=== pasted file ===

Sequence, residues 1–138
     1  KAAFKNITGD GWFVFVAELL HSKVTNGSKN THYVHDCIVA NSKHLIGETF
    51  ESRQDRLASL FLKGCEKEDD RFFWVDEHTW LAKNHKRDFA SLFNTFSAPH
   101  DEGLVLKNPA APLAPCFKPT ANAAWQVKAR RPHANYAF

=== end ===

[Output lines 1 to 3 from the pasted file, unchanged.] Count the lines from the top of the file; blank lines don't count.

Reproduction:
Sequence, residues 1–138
     1  KAAFKNITGD GWFVFVAELL HSKVTNGSKN THYVHDCIVA NSKHLIGETF
    51  ESRQDRLASL FLKGCEKEDD RFFWVDEHTW LAKNHKRDFA SLFNTFSAPH